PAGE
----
I am pleased to have Susan Signe Morrison visit JustOneMoreChapter today with this special guestpost. Be sure to click on the banner at bottom of post for more stops on this blog tour, which includes reviews and a giveaway.
My historical novel, Grendel’s Mother: The Saga of the Wyrd-Wife, tells the story of the famous Old English heroic epic, Beowulf, from the point of view of the women. “Wyrd” means “fate”—and the females in this hyper-masculine world often seem fated to be victimized. One in particular, the mother of the monster Grendel, has been particularly villainized until recent feminist interpretations. I wanted to explore her life, her motivations, and her backstory. The only way to do that, it seemed to me, was to write a novel.
As an English professor, I could have composed a scholarly analysis. Why historical fiction and not history? Why fiction and not non-fiction?
Fiction permitted me the freedom to imagine. I can imagine in non-fiction as well, but the prose and poetry of a world conjured out of my fantasy compelled me to pursue writing a novel. And pursue it I did. Though published in September 2015, I began writing it in 1998. At the time, my daughter was two years old. At the time, I had taught the poem Beowulf for a number of years. Perhaps it was becoming a mother myself that jolted me out of my conventional form of writing—academic scholarship—to start to pen (and I mean pen!) this Anglo-Saxon world fabricated out of my fantasy. I felt duty-bound to explore what a fellow mother might have gone through and to plumb her emotional depths and personal and social triumphs.
Yet the book took years to produce. I wrote it in fits and starts. Sometimes writing steadily for a few months, then abandoning to for years as other projects—and children—came along. At one point the manuscript even had a frame tale set in the 20th century; the novel transitioned between the medieval and the modern periods. I finally abandoned that idea. I always feel annoyed when an author pulls me out of the past into a more contemporary setting and I didn’t want to do that to my readers.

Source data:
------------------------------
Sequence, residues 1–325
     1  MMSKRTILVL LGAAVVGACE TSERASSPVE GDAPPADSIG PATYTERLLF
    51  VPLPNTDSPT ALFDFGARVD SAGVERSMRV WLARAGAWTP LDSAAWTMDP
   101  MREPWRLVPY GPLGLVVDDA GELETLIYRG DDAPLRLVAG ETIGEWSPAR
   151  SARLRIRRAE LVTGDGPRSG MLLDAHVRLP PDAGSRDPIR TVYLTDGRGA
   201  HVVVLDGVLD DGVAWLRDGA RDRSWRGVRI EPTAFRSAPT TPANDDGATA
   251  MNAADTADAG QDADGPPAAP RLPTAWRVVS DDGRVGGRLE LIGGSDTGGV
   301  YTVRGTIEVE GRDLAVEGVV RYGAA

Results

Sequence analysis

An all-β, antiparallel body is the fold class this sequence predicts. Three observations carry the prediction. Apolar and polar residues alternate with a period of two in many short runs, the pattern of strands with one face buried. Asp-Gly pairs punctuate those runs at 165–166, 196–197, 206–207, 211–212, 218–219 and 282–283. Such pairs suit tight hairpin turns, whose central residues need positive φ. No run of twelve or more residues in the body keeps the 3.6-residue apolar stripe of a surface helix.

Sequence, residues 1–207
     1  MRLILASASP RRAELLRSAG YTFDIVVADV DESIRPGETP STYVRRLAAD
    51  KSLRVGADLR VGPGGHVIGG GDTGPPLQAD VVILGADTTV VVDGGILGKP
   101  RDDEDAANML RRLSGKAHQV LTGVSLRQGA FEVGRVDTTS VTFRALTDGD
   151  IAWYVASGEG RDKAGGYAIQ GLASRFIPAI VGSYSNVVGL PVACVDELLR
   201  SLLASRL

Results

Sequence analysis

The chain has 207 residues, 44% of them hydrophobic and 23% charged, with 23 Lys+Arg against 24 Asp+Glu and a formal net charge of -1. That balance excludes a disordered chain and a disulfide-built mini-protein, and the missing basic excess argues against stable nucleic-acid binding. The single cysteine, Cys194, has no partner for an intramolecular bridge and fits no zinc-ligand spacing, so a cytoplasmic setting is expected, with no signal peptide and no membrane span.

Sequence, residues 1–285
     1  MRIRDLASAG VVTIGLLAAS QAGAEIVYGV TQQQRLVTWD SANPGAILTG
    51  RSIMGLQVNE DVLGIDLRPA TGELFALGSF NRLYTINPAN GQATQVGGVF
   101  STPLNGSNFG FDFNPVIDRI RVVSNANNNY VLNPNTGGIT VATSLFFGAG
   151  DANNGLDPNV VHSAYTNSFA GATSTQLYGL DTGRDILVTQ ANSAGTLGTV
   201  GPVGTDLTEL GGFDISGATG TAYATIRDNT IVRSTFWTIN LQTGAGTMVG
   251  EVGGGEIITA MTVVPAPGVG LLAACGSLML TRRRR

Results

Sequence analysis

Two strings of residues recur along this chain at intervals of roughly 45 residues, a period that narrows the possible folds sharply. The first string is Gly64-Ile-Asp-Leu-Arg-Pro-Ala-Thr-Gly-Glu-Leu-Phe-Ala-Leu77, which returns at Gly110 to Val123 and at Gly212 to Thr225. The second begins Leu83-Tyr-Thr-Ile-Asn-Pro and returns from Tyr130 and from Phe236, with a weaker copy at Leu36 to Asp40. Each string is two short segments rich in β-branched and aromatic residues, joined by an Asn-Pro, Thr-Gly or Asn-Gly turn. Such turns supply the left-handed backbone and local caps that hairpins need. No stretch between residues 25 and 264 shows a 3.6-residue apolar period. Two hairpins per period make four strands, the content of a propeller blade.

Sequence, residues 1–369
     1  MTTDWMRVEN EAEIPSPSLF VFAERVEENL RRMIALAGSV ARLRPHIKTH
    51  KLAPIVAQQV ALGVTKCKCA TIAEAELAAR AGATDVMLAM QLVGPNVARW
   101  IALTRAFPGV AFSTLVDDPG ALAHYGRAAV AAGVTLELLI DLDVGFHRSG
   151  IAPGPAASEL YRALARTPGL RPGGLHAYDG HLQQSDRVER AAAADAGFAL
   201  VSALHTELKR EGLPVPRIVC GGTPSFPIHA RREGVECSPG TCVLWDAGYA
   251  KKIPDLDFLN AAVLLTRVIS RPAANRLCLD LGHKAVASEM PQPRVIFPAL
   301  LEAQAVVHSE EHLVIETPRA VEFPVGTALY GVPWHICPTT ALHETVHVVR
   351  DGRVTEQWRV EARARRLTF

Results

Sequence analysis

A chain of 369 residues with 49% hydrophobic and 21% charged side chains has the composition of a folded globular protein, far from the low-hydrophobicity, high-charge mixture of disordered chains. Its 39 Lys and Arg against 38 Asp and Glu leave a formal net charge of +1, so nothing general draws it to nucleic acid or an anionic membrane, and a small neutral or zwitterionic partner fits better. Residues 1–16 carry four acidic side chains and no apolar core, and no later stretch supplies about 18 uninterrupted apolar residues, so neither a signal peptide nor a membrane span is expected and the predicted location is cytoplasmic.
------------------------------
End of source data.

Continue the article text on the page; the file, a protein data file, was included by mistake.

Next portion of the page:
I also incorporated poems, layered in among the prose passages. After all, in the original work, from a manuscript dating from about the year 1000, a minstrel or scop periodically sings of legendary figures. Why couldn’t I do that as well with my work? Only I focus on the women and their plight. Sometimes a bit of verse would float into my head and I would write it down, develop it, and craft it into poetry that echoes Old English traditions and conventions.
My novel is a modern novel for a contemporary audience—but I wanted my readers to feel the chill of the Danish landscape, the thrill of battle, and the poignancy of women and their lives in this violent and turbulent environment. Ultimately, we feel the pain and happiness of women from one thousand years ago, whose fears and joys resemble our own. They are, in fact, not so different from us.
Here's what I would like to ask readers: How do you identify with characters from the past?
Thank you for letting me share my story with you!